If all you have to do is to play hymns it is not so much of a problem of course, but sometimes an organist has to accept that he is there to serve others and his own spiritual communion may have to take place at other times.

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I would say that it was essential for the organist/choir-master etc. to be a practicing believer
I can understand this point of view, but is there not a danger that the church may appear to be only interested in preaching to the converted?

 

Lest my previous post appear hypocritical, I should own up that I lost my faith some years ago. Some days I am aetheist, but mostly I would describe myself as a Christian agnostic. Either way, I continue to value the spiritual dimension I find in church and remain 100% committed in my musical ministry to serving the people of whichever church I find myself playing in and enhancing their worship as meaningfully I can.

 

To me music is the most important thing in the service. It has to be. I am a musician; it's my job. That is very far from saying that it is the most important thing about the service: as I have said, it is merely one element of a whole - but if it were not for the music I doubt I would ever set foot inside a church. One day I may find my faith again: I remain open to the possibility. Should the spiritual benefits I am able to offer and the possibility of my reconversion be spurned because I am not currently a practising believer?

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Church music is more than just a job (or it should be) there is a spiritual dimension to it - and I would say that it was essential for the organist/choir-master etc. to be a practicing believer -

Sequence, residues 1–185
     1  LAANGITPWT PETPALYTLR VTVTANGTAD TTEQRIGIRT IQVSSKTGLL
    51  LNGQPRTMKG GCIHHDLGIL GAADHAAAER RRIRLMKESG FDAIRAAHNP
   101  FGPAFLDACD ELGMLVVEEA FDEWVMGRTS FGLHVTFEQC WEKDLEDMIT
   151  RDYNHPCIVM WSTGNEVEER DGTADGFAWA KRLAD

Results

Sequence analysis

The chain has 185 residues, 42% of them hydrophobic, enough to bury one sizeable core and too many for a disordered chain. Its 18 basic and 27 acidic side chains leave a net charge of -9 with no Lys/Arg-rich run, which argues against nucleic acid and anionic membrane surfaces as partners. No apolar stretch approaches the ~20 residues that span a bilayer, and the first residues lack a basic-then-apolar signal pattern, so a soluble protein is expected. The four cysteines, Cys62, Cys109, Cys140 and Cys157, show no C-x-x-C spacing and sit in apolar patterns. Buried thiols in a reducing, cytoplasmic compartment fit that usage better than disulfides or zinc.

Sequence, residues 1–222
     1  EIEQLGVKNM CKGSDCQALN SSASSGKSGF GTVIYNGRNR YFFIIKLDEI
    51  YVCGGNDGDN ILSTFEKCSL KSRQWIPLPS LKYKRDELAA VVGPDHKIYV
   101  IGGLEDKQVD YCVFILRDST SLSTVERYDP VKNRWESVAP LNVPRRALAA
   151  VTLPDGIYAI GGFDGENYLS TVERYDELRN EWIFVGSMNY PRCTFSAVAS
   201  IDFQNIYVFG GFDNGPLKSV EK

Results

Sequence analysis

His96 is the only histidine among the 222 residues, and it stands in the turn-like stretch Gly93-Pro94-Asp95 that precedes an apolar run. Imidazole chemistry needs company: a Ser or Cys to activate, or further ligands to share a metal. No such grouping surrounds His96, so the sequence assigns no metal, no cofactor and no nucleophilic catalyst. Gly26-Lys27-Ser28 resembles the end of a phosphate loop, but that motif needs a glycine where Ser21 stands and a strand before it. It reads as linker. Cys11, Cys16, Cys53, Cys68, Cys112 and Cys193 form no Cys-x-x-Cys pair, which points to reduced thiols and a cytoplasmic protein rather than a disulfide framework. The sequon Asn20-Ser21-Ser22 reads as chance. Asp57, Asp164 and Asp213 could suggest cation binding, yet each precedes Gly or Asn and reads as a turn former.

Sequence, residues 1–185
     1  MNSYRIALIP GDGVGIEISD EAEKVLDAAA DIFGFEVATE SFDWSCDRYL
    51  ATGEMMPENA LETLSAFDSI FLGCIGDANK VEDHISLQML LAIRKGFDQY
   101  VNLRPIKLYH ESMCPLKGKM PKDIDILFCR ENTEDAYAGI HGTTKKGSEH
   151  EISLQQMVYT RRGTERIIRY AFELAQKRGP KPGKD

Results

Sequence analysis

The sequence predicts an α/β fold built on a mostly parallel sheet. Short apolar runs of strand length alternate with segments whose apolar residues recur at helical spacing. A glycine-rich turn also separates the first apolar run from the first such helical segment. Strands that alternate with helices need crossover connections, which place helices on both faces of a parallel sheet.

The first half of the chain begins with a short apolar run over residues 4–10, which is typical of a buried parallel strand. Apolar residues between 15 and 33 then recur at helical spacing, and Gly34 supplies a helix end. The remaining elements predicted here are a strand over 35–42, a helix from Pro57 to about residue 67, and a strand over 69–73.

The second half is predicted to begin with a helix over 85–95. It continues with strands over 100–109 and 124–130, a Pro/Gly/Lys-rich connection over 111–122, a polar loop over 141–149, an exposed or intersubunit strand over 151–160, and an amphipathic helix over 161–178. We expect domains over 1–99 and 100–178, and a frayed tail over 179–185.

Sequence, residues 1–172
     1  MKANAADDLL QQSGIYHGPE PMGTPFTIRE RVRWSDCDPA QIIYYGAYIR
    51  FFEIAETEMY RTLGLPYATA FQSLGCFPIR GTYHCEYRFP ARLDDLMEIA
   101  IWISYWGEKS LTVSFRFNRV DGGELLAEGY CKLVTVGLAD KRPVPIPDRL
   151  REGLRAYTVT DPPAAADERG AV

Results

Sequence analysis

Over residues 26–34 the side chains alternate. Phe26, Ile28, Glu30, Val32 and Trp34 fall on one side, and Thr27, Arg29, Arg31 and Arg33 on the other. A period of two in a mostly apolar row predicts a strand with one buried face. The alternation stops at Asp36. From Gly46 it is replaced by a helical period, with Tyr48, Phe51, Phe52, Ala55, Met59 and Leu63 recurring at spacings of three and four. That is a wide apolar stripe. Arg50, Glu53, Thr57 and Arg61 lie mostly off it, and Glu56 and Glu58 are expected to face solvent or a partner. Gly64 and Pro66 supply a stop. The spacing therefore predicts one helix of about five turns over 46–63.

Every Blessing

 

Tony

 

I can understand this point of view, but is there not a danger that the church may appear to be only interested in preaching to the converted?

 

Lest my previous post appear hypocritical, I should own up that I lost my faith some years ago. Some days I am aetheist, but mostly I would describe myself as a Christian agnostic. Either way, I continue to value the spiritual dimension I find in church and remain 100% committed in my musical ministry to serving the people of whichever church I find myself playing in and enhancing their worship as meaningfully I can.

 

To me music is the most important thing in the service. It has to be. I am a musician; it's my job. That is very far from saying that it is the most important thing about the service: as I have said, it is merely one element of a whole - but if it were not for the music I doubt I would ever set foot inside a church. One day I may find my faith again: I remain open to the possibility. Should the spiritual benefits I am able to offer and the possibility of my reconversion be spurned because I am not currently a practising believer?

 

At a parish level I’m with Tony on this one, although anyone who is prepared to find the time to run a choir and provide music should be welcomed with opened arms. At a cathedral level then the person’s musical ability should be the main thing that counts. As has been mentioned on another thread, Howells was an atheist, yet you can’t doubt his contribution to church music.

 

:)